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June 17, 2009

Behind the Scenes with Joe Hill

Posted by tom
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The acclaim for Joe Hill’s work continues! His bestselling series Locke and Key has just been nominated for two Eisner Awards: Best Limited Series and Best Writer. Now, get to meet Hill yourself in our Behind the Scenes interview. Plus, don’t miss our review of Locke and Key: Welcome to Lovecraft. And while you’re at it, look for the new monthly Locke and Key series on sale right now.

Do you remember your first comic book or graphic novel? If so, what was it?
The first comic book I ever read that cut deep emotionally was the issue of Spider-Man in which Gwen Stacy’s father was felled by a collapsing chimney. The idea that a good person, a heroic person, could be struck down just because he was standing in the wrong place at the wrong time impressed and moved me. I was also taken with Wendy and Richard Pini’s Elfquest graphic novels at a very young age. I haven’t revisited them in a while, but in memory at least, they strike me as being much riskier and more adult than a lot of the other adventure stuff being done in comic books at that time.
It’s an interesting, valid question, but I do think that one thing that holds the art form back is the way readers and creators alike fetishize the comic books they read as kids. Most of the stuff I read when I was a little guy was crap. I had the complete run of Godzilla: King of the Monsters. I got off on ROM: Space Knight. Ninety percent of the comics I read in childhood aren’t worth thinking about. The work I care about the most is stuff I’ve read in the last 10 years, work being published right now, not what I read back when I was wearing Hulk T-shirts to fourth grade.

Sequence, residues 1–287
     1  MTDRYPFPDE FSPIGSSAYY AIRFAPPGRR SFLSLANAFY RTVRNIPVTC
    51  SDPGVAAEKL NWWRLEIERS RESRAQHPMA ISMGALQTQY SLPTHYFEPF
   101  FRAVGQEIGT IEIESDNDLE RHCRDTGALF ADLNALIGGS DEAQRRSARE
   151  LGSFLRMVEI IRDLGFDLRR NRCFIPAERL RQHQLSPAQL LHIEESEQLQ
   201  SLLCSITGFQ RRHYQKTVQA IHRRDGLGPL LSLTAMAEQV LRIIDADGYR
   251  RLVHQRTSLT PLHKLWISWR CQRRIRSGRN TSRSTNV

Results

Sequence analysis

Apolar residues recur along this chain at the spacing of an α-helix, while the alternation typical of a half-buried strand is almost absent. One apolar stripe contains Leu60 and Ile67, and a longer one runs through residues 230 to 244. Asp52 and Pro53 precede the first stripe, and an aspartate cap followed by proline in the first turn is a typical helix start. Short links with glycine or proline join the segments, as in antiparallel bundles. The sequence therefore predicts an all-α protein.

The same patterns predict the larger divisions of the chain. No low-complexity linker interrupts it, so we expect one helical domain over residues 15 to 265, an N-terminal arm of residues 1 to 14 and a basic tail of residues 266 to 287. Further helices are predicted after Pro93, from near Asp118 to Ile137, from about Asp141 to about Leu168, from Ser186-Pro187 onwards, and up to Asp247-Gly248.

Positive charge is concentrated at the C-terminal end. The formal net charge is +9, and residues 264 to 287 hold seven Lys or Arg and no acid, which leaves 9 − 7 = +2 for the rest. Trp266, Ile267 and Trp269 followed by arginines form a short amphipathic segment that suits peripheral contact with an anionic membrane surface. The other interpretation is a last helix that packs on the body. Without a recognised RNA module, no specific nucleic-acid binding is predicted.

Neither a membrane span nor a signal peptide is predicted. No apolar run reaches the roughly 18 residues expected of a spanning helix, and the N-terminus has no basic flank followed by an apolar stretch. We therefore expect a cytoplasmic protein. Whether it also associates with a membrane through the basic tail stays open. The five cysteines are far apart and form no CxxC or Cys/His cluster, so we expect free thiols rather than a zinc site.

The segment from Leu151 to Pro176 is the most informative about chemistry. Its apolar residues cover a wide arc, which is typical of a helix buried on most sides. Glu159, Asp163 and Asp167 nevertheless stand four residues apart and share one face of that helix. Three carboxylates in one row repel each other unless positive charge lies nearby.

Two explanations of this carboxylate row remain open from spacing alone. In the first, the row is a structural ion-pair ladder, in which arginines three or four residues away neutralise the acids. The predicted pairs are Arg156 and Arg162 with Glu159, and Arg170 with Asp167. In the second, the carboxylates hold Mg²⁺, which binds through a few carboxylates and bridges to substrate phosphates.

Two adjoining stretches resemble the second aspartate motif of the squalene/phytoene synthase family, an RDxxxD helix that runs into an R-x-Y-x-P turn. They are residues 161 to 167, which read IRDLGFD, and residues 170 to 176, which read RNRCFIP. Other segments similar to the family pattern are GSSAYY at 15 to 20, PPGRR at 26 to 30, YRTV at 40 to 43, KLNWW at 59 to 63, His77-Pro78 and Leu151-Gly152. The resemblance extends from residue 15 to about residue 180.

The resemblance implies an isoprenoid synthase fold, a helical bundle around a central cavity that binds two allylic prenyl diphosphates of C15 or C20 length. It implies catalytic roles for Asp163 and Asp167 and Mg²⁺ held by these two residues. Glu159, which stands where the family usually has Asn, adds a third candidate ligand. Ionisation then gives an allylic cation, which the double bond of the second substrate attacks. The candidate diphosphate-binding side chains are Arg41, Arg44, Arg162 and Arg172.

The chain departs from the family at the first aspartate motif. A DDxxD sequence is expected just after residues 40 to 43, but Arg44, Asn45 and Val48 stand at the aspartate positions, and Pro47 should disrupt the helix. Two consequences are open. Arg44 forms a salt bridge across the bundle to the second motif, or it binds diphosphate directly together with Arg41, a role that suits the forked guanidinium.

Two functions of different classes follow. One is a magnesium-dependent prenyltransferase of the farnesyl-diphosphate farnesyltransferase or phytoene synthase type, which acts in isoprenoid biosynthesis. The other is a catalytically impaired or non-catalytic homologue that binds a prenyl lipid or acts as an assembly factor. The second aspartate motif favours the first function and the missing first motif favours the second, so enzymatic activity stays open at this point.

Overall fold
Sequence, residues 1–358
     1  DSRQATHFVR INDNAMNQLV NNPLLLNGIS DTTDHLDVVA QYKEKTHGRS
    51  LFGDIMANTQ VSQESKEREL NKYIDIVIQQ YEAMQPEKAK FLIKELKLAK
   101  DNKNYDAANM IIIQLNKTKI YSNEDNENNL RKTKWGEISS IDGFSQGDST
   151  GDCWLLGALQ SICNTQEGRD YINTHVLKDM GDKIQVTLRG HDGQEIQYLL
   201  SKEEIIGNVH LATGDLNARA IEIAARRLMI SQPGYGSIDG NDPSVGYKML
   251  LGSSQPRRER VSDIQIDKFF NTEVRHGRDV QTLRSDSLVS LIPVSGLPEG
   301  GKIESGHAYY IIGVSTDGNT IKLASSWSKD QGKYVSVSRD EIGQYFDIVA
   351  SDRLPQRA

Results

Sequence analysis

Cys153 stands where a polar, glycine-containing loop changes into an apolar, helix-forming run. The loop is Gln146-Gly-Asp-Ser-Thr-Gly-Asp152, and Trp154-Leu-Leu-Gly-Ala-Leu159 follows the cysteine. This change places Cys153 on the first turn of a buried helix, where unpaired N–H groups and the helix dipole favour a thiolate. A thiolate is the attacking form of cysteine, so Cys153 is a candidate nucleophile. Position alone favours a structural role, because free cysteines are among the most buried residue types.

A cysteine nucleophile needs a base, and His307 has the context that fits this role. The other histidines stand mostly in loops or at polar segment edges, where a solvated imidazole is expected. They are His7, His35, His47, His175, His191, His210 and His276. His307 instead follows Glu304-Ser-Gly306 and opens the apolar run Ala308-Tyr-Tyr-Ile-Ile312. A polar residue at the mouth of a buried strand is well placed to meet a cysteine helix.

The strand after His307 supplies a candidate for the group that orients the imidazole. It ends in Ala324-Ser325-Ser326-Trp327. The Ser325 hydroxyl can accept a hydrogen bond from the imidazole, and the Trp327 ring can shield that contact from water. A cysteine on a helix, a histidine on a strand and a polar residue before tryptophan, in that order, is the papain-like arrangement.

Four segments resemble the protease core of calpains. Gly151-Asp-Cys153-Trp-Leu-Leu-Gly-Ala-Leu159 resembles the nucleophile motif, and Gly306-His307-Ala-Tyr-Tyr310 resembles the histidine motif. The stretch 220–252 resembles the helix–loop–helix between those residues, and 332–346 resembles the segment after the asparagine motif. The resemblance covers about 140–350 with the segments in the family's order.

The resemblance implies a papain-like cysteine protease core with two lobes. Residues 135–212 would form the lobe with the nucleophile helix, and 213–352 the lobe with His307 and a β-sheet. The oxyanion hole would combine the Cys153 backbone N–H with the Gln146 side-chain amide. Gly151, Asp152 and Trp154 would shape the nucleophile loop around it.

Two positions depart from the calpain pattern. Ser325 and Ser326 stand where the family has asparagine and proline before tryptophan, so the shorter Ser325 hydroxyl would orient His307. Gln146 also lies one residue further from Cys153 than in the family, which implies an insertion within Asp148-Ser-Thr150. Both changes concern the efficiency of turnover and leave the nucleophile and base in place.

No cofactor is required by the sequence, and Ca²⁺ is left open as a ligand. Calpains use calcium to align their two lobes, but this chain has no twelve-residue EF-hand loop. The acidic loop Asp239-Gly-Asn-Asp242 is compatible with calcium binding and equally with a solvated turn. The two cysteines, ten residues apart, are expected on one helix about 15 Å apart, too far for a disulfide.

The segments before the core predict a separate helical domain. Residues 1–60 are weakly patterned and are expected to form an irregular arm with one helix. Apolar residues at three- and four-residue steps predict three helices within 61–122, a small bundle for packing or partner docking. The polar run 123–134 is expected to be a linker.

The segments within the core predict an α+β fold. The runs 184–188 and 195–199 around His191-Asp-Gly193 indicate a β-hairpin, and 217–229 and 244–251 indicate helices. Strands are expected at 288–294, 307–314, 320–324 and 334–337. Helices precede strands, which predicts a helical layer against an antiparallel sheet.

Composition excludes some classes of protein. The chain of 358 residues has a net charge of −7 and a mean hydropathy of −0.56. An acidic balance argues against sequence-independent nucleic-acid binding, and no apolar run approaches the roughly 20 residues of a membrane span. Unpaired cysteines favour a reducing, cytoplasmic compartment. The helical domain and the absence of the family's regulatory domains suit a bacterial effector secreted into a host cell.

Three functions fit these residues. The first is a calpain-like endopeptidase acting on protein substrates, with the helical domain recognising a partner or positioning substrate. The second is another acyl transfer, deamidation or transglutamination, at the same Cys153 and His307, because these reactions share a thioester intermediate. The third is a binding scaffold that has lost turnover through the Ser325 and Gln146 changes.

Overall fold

What do you love about the graphic novel as a format for storytelling?
For starters, comics are a hell of a lot of fun to write. I read an article once about a guy who was working as a coder for Rock Star games. And he said he had never imagined he could have a job that made him so happy and left him feeling so fulfilled. He’d roll into work about 11 a.m. and write code until 7 in the evening, then break for pizza and foosball in the rec room, maybe watch a little sports with his buddies. When he felt rested up, he’d go back into his cubicle and code some more until midnight. For him, there was no separation between work and play. And that’s kind of how I feel about writing comic books.
 
Also, I think comic books amplify the things I do best—dialogue, action, concepts—while freeing me from the part of writing I fret over the most, the sound and flow of my prose. There’s no prose in comics. The pictures are the prose.
 
Whose work do you admire?
Alan Moore and Neil Gaiman are on the short list of my very favorite living writers who aren’t actually related to me by blood. Alan Moore and Swamp Thing are the reason I write comics…which is not to say I think Swamp Thing is his best work, only that I happened to come across it at just the right time in my life, and it instilled in me some ideas about how character can drive story. As a collection of chilling supernatural tales, Swamp Thing is right there with the Books of Blood.
 
Among the current crop of writers, I’m very high on Brian K. Vaughan, Ed Brubaker, and Jason Aaron. Warren Ellis’s body of work is an abundance of riches. Terry Moore’s Echo is probably my current favorite monthly. I look at it as the greatest 1980s sci-fi film never made. It’s right in the mold of Starman, Back to the Future, and The Last Starfighter. It does it all: action, quiet, believable romance, comedy. I tried to get my wife to read it and she asked what it was about, and I said it was the story of a woman who winds up with a pair of fusion-powered superboobs, and that was about as far as that went. But Echo really is all kinds of awesome.
 
As far as artists go, I’ll read anything drawn by Tony Harris, Steve Parkhouse, Frank Quitely, Jim Mahfood. Just to start. As a kid, I pretty much had no interest in who wrote what—I bought comics solely based on who drew them. Writers provide the chassis, but artists put together the engine. I’ve been lucky to work with Gabriel Rodriguez on Locke & Key: He’s a fuel-injected V12.
 
Who do you read outside of the graphic novel format?
Someone asked me the other day what my five favorite musical acts were, and I said Stones, Beatles, AC/DC, Springsteen, and Steve Earle. And realized I might as well have dropped dead in 1988, because my tastes apparently froze with Copperhead Road.